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Jane Mairs, Director of English language Learning Publishing
Aren't I? or Am I not?
Monday December 10th 2012
Question
Aren't I? or Am I not?
Answer

Question

Which is correct, “aren’t I?” or “am I not?” Plz let me know… thx –Kevin, South Korea  

 

Answer

Quick explanation

“Aren’t I?” is commonly used and very acceptable in informal language. “Am I not?” is grammatical, but extremely formal, so in most contexts, “aren’t I?” is the preferred choice. The only exception is when you are writing a formal letter or an academic paper, and then you can either use “am I not?,” or even better, restructure the sentence to avoid using either of these forms.

Additional information

As you know, aren’t is a contraction of are (a form of the verb be) + not. It is used in statements and questions, with you, they, and all other plural subjects, as in the examples below.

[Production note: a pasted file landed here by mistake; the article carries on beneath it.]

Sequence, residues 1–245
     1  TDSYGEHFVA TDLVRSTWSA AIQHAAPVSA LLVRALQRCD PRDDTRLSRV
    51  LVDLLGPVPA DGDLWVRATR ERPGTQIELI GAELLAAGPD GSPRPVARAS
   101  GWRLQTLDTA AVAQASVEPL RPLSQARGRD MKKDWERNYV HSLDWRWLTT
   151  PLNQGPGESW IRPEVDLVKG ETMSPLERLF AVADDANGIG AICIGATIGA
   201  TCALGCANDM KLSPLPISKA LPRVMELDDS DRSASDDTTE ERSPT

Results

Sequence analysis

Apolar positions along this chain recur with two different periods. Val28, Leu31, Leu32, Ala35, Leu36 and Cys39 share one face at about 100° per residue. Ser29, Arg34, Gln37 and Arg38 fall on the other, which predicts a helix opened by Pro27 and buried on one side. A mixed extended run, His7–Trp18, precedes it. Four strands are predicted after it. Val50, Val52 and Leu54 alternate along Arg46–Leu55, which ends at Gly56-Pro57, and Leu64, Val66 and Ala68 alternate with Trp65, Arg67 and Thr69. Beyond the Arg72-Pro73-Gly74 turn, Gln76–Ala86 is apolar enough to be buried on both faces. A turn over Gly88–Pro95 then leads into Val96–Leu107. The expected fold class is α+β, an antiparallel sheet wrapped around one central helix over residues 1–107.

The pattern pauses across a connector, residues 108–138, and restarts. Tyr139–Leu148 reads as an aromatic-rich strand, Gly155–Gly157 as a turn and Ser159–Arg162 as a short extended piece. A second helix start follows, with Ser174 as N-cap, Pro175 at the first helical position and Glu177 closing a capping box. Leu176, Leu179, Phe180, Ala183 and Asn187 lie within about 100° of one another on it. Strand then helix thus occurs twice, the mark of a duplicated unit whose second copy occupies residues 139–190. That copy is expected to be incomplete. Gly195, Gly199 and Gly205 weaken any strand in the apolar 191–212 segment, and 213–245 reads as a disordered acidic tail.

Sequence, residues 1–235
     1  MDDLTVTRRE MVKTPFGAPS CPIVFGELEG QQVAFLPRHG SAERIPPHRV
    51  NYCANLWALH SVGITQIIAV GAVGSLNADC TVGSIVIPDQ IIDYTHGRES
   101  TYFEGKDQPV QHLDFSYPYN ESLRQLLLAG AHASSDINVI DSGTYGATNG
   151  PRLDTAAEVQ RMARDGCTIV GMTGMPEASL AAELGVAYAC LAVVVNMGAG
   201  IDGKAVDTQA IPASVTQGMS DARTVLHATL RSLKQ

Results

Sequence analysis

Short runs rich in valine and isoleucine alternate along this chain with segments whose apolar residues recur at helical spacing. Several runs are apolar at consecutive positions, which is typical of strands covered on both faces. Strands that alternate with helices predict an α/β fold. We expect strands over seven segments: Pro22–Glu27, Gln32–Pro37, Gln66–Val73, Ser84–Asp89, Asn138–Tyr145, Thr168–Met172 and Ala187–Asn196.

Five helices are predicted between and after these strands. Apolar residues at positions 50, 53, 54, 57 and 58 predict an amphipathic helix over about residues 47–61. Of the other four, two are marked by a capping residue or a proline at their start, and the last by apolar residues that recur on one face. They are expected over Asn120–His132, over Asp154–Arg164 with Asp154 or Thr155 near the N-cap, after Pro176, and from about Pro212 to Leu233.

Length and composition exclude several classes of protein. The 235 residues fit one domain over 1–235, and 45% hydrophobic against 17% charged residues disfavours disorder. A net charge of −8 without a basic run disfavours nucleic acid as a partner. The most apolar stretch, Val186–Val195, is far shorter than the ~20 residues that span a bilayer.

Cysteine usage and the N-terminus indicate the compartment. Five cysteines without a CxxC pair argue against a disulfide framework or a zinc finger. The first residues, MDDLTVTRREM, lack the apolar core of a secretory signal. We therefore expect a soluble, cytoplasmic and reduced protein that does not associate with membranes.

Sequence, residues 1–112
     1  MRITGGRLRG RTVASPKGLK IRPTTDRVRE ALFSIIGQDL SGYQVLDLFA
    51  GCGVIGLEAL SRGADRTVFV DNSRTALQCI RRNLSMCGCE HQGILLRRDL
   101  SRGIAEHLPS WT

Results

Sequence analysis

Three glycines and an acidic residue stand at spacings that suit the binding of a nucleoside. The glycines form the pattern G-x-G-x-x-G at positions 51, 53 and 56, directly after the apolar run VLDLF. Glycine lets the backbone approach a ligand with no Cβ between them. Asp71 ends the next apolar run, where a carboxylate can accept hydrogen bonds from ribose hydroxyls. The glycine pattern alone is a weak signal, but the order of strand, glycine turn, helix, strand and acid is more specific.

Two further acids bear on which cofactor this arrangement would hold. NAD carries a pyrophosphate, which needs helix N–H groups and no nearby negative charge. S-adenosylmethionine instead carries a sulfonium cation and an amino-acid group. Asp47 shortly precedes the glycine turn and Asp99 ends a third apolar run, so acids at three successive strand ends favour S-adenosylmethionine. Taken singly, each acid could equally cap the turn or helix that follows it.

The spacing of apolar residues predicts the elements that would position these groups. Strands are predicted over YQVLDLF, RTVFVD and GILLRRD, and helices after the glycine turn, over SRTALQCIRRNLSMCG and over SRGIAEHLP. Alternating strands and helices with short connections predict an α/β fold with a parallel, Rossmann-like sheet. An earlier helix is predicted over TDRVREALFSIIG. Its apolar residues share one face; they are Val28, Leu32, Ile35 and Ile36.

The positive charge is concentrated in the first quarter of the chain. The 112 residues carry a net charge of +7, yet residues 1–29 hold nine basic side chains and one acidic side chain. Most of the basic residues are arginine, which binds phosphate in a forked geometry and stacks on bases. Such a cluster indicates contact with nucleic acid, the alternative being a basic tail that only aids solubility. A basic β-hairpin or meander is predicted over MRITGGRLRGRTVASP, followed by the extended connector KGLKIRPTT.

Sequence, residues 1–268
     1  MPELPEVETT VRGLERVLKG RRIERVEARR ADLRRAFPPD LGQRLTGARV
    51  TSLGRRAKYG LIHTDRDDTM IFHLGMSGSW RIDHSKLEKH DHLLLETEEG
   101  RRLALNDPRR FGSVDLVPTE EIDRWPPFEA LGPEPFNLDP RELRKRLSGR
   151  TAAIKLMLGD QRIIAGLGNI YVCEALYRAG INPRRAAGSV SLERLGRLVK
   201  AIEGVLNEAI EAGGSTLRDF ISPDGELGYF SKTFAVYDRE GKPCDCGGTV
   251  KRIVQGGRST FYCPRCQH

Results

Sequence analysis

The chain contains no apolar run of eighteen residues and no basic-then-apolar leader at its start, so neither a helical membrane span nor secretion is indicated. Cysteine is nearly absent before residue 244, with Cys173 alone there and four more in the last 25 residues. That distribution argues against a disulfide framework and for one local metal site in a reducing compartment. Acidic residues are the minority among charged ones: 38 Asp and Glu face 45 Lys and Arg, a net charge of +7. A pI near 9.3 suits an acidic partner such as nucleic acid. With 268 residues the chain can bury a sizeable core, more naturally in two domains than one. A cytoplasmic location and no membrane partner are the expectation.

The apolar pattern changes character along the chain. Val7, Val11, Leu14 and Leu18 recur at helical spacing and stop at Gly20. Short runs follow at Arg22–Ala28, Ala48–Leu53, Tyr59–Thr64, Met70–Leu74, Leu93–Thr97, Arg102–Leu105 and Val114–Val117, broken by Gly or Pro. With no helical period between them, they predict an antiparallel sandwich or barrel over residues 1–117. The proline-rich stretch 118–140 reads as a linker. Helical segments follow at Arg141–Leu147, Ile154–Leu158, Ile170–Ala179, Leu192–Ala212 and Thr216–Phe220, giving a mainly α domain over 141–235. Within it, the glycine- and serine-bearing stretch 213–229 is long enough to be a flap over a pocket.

• Aren’t you going to the movies tonight?
  • No, we’re having a dinner party, so we aren’t going to the movies. 
  • John and Kelsey are going, aren’t they? 

For singular subjects, like he, she, it, Kelsey, and my professor, the correct contraction is isn’t, as in these examples:

  • It isn't raining anymore. 
  • My professor isn't in her office, so I'll send her an email message. 

However, for first person pronoun, I, there is no contraction with the verb be + not. (“Amn’t” is not a word in English.) Therefore, in casual speech and writing, English speakers use aren’t, instead, and except in formal situations, this is considered entirely grammatical. 

I hope this helps. 

 

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